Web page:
Canadian author Alice Munro wins Nobel Prize for literature
Become first female Canadian author to win esteemed international prize
Alice Munro has become the first Canadian female - and one of 13 women overall, to win the esteemed Nobel Prize for literature. The awarding of the 2013 Nobel Prize is also seen as a triumph for the literary form of the "short story," long denigrated in favor of the novel.
Eighty-two-year-old author Alice Munro has been by the academy for her "finely tuned storytelling, which is characterized by clarity and psychological realism."
The 82-year-old author was praised by the academy for her "finely tuned storytelling, which is characterized by clarity and psychological realism." Ernest Hemingway, William Faulkner, Saul Bellow, Harold Pinter, José Saramago, Nadine Gordimer, Doris Lessing, Toni Morrison and the late Seamus Heaney are just a handful of the writers who have been given the accolade since 1901.
Munro's name is also a welcome sound for book sellers. Hers is a familiar and popular name. Fellow author Margaret Atwood, also mooted for the Nobel, punched the air enthusiastically to her considerable number of Twitter followers within minutes of the news being broken; Salman Rushdie praised her as "a true master of the form".
Residing in remote south-western Ontario, the setting for her 15 volumes of stories, Munro is reclusive. The secretary of the Swedish Academy had to leave a message on her answering machine.
Munro was staying in British Columbia with her daughter, who informed her of the news. The unassuming Munro, who seems to have been overwhelmed by the attention, later issued a statement through her publisher, Penguin Random House, saying: "I'm particularly glad that winning this award will please so many Canadians. I'm happy, too, that this will bring more attention to Canadian writing."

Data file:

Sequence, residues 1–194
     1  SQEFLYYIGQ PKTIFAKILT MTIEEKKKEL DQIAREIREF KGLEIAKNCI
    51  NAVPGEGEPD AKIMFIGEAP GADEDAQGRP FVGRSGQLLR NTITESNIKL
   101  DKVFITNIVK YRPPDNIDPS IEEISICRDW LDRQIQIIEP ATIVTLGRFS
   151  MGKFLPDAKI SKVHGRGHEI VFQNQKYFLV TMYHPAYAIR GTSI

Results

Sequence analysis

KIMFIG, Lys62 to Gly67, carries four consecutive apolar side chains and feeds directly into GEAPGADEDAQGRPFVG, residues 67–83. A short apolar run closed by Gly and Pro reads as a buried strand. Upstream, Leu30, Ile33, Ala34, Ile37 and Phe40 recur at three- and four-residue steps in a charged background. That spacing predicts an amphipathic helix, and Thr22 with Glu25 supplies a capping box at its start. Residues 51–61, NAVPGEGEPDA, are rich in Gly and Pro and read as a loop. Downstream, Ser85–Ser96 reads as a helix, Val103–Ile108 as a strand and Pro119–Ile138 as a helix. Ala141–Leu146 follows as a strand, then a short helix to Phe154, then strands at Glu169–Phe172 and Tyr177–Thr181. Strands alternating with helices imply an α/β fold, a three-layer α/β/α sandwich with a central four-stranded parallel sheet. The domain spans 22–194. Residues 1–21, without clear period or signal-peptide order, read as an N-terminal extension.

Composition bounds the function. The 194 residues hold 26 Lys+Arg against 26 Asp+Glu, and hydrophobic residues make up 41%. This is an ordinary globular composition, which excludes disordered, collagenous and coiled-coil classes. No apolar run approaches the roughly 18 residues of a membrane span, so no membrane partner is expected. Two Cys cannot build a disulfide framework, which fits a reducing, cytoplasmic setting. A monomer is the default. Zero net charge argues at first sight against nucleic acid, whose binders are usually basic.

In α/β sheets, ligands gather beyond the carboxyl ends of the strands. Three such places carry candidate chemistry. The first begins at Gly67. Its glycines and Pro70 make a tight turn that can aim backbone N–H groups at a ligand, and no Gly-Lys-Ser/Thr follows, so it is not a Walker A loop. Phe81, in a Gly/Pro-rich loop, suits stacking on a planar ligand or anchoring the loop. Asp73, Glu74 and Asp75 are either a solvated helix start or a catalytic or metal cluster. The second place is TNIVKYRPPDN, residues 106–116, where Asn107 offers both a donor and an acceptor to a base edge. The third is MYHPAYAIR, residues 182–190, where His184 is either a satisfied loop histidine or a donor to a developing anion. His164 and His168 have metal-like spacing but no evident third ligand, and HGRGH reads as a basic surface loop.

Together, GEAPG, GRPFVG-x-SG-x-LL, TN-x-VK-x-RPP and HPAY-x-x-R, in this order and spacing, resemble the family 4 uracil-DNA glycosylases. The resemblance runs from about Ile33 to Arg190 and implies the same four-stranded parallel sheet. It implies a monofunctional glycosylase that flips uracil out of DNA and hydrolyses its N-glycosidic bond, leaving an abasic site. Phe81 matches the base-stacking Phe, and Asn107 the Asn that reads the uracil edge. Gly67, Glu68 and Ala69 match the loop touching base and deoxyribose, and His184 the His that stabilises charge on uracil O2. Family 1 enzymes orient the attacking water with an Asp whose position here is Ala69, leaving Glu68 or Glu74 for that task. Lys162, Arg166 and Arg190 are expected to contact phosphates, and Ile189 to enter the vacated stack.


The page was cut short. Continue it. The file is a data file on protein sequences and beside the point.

Munro says that her most recent short story collection, "Dear Life," published in 2012, will be her final book.
Born Alice Laidlaw, the oldest of three children, outside Wingham, to parents of Scottish ancestry on her father's side, and Irish on her mother's, Munro's father, Robert Laidlaw, was a direct descendant of author James Hogg, best known for "The Private Memoirs and Confessions of a Justified Sinner."
In her most directly autobiographical work, the title story from "The View from Castle Rock," Munro traces the history of the Laidlaws' journey from Scotland to Nova Scotia, her parents' short-lived success as silver-fox fur trappers during the Depression and her own formative years in the Forties and Fifties. "I never have a problem with finding material," she once said, "I wait for it to turn up, and it always turns up. It's dealing with the material I'm inundated with that poses the problem."
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